@Patrice Ayme

*Not so. The claim is that quantum physics is the application of (noncommutative) probability theory¹ to physics. As (Copenhagenist) Ray Streater says, “It took some time before it was understood that quantum theory is a generalisation of probability, rather than a modification of the laws of mechanics.”²
*

Well, this is your opinion and that of Mr. Streater. Actually interpretations of the Copenhagen Interpretation vary considerably. You can consider:

https://en.wikipedia.org/wiki/Copenhagen_interpretation

As engineers are trying to make functional Quantum computers and Quantum simulators, they have to figure out exactly what causes “decoherence” or “wave function collapse”. “Interpreting” Quantum Physics has become an experimental subject.

Quantum Physics has even been interpreted as a change of logic (with no less than Birkhoff and Von Neumann as the original authors):

https://en.wikipedia.org/wiki/Quantum_logic

As you can see therein, the subject is not closed. It involves now supersymmetry, supergeometry and thus non-commutative mathematics.

Waves: first, there is no general definition of “wave”. That’s, precisely the force of the concept (whereas there is a strict definition of eigenstate, that’s a weakness). If a Quantum state has not (yet!) be demonstrated to be caused by waves, that does not mean it’s not. It just mean we don’t know. To be sure why something does not happen, one has to be sure why it does not happen. In this particular case, one would have to know more than what the Copenhagen Interpretation says. “Copenhagist” who claim to know more than Copenhagen, are not really Copenhagists. That’s rather ironical.

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]]>Magnema says

Patrice Ayme: Entanglement gets un-entangled (it’s called decoherence) NON-LOCALLY. Occasionally Free Will will even be involved (say choosing the direction of polarization measurement, or a magnetic field in a Stern-Gerlach device, etc.). Without evoking Free Will, decoherence will involve a large macroscopic object, thus a large space, like a gravitational field, but with a life of its own, so to speak, thus irreversible. As Bohr would say, the Quantum System cannot be isolated when “measured” (or made to decohere).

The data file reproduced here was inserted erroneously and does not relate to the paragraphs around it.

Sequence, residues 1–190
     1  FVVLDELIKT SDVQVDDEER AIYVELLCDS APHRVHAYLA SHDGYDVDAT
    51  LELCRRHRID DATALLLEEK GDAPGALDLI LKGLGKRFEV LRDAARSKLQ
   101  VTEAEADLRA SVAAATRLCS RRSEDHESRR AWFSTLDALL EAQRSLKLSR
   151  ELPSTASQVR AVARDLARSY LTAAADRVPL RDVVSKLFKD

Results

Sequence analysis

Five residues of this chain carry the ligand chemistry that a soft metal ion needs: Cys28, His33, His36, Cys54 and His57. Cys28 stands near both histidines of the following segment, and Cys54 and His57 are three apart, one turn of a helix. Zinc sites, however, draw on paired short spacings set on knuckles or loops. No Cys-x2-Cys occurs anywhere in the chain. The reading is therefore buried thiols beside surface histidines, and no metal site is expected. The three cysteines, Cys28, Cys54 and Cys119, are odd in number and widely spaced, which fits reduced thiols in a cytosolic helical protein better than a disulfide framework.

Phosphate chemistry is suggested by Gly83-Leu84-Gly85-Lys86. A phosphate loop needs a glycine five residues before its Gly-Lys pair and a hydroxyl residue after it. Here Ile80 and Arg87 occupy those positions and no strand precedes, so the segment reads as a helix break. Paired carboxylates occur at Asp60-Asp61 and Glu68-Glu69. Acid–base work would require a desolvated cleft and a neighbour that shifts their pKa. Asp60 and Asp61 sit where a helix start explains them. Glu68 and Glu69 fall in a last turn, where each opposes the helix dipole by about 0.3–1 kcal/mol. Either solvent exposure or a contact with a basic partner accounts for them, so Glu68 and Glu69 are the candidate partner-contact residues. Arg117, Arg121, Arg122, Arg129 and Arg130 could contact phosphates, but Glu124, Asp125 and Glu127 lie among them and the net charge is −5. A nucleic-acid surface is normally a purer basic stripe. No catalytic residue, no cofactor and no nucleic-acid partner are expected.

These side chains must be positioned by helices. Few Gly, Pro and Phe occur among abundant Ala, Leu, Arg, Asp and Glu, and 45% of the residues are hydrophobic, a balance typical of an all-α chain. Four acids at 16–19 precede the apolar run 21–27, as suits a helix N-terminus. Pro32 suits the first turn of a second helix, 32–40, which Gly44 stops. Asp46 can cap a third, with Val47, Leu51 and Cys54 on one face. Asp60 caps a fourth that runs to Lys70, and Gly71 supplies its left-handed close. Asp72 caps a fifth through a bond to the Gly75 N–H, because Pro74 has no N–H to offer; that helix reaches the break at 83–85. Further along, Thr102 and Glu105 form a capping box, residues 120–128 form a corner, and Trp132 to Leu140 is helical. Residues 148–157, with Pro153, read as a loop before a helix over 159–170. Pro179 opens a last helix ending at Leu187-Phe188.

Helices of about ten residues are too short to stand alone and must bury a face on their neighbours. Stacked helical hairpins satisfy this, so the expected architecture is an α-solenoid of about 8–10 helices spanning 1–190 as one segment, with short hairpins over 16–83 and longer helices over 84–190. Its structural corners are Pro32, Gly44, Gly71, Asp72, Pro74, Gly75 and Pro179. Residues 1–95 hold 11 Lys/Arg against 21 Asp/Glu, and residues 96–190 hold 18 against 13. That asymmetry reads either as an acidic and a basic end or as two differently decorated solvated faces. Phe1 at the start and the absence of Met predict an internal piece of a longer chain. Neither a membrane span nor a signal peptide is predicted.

Non-Locality does not look reversible to me: it involves non topologically trivial “inner” geometry (see below).

Magnema: *“Your assumption that things are not entangled before interaction is simply not necessarily true, generically, unless you specify that the two particles have never, through any chain of effects looking backwards in time, interacted (and even then, it is questionable).”
*

PA: The entanglement is caused by an interaction. In general. Always.

Could the particles have been entangled before, without suspecting it? This is the last loophole in the proof of the Bell Inequality. This is the subject of present research, but many in the know do not doubt what will be found. The question has been asked in the case of Einstein-Podolski-Rosen (type) experiments (“EPR”). These involve making a measurement on an element of a pair of “particles” A and B which are entangled, yet “separated” by what I would call a “CLASSICAL DISTANCE”.

Starting with Alain Aspect (who got the Wolf Prize in Physics for it), it has been shown that spin measurement can be made in flight, where the direction of the polarization is changed haphazardly in flight, and the measurement on A “immediately” changes B (“immediately” meaning out of the light cone of A).

The suggestion has been made that A and B could be actually within the same much larger, much older light cone, and thus causally related in the classical relativistic sense. An esteemed team of American experimenters will thus run a version of the Aspect experiment, where the polarization direction are obtained by signals from quasars so distant from each other that they cannot plausibly be causally related.